• Therefore, Jesus’ mediation is perfect because he united the Divine and the human in his person: “And he (God) put all things beneath his (Jesus’) feet and gave him as head over all things to the church, which is his body, the fullness of the one who fills all things in every way” (Eph 1:22-23).
  • Therefore, Christ and only Christ is capable of destroying sin and death.
  • Jesus’ mediation coincides with his cross and resurrection: as he mediates with the Father, he redeems us.
  • The mediation of Mary and the saints is a sharing in Christ’s mediation.
  • They draw their mediation from Jesus’ mediation, cooperate with it and foster it.
  • The mediation of Mary, the angels and the saints does not add anything to the mediation of Christ: “They do not cease to intercede with the Father for us, as they proffer the merits which they acquired on earth through the one mediator between God and men, Christ Jesus” (Vatican II, Lumen Gentium, 49).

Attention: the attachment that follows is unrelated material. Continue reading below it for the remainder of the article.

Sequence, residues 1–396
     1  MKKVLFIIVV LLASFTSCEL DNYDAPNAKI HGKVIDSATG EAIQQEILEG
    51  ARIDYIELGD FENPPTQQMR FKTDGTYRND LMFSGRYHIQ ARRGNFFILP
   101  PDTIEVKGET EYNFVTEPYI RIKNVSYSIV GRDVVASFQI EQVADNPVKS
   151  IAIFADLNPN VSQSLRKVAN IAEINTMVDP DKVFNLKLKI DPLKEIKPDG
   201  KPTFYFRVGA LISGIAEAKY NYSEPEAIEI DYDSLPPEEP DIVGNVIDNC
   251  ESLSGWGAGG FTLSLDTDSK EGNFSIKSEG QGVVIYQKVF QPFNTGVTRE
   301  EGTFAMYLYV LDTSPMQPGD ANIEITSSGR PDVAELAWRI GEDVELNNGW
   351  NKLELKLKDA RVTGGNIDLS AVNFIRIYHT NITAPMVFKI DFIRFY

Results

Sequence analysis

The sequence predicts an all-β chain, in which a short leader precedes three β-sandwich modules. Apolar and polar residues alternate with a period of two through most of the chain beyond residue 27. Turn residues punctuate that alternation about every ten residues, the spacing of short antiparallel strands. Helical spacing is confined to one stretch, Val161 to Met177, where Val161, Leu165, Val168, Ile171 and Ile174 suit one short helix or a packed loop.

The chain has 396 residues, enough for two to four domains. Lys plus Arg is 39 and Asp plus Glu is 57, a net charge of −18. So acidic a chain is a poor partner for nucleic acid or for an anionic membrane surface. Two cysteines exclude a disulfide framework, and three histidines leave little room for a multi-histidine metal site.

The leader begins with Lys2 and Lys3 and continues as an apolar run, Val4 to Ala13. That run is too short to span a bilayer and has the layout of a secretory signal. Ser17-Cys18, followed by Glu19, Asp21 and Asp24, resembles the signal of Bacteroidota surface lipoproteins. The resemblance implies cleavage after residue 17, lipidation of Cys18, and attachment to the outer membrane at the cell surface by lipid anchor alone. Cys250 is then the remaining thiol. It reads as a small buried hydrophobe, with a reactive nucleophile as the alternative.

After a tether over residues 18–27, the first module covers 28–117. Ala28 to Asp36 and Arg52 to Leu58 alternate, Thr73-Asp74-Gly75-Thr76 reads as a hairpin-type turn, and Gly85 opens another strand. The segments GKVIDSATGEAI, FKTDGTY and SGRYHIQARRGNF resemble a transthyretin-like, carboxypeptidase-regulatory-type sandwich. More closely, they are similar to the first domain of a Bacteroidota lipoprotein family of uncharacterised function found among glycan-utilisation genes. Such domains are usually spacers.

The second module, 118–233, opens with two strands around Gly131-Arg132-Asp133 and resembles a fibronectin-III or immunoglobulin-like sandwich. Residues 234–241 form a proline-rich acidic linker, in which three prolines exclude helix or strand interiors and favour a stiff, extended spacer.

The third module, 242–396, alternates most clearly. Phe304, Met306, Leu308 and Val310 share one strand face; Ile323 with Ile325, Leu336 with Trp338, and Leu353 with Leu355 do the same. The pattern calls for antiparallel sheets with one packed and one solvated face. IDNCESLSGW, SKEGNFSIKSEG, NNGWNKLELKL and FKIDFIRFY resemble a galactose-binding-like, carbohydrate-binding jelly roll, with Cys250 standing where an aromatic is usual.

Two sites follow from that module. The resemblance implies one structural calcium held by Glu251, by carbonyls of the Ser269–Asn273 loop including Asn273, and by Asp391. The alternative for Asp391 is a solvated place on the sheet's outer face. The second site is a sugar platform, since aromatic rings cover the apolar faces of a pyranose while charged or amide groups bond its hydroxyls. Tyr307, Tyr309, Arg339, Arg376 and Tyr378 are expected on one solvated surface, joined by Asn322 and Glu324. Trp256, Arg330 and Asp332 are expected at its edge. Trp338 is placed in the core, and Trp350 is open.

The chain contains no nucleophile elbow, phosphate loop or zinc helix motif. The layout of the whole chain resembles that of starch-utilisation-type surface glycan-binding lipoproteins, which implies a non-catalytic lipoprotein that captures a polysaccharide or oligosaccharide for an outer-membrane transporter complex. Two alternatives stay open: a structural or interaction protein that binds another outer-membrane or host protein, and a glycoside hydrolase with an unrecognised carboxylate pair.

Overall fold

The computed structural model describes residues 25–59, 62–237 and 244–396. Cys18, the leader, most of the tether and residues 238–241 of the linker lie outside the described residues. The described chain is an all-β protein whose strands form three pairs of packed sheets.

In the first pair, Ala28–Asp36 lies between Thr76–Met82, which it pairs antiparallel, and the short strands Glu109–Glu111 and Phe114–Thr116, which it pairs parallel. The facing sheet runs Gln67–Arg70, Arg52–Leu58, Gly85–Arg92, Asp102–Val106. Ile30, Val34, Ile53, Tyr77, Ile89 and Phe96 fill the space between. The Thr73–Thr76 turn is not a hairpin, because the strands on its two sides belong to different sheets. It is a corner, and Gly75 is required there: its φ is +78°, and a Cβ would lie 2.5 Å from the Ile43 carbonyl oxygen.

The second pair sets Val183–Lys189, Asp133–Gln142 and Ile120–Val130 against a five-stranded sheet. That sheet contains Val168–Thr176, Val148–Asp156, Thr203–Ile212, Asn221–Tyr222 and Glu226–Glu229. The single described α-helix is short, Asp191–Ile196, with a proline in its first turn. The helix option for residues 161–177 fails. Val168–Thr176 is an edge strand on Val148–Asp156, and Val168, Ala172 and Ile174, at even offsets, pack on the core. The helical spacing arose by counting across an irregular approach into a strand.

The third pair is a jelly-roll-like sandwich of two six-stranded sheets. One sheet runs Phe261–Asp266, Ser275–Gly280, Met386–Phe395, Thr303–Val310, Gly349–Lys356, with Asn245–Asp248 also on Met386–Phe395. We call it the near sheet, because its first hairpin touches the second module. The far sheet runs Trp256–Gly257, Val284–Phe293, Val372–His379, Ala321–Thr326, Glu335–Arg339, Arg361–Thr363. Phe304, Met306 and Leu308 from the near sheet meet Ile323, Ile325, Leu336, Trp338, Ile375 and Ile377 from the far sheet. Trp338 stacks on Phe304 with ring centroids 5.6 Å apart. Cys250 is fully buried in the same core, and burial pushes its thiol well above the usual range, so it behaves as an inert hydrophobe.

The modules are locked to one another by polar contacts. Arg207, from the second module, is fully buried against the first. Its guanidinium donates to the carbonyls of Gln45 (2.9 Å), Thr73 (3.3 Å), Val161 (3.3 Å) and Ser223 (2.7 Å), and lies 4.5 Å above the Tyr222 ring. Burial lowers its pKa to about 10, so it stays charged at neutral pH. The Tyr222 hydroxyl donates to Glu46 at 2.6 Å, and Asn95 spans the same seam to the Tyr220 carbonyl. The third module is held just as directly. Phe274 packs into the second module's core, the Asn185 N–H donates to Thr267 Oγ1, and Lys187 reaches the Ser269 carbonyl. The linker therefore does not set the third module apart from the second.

• God is the only creator, even though he invited us to cooperate with the act of creation through conception and birth.
  • Christ is the only savior, even though he invites us to cooperate with the act of redemption through prayers and good actions: “No creature could ever be classed with the Incarnate Word and Redeemer, the unique mediation of the Redeemer does not exclude but rather gives rise among creatures to a manifold cooperation which is but a sharing in this unique source” (Vatican II, Lumen Gentium, 62).
  • The Catechism of the Catholic Church gives an outstanding summary of the theology of mediation by teaching: “God is the sovereign master of his plan. But to carry it out he also makes use of his creatures’ co-operation. This use is not a sign of weakness, but rather a token of almighty God’s greatness and goodness. For God grants his creatures not only their existence, but also the dignity of acting on their own, of being causes and principles for each other, and thus of co-operating in the accomplishment of his plan.” (CCC, 306)

Conclusion: Mediation is a part of God’s plan

  • There is a concrete and real interaction between God and humanity and among us all.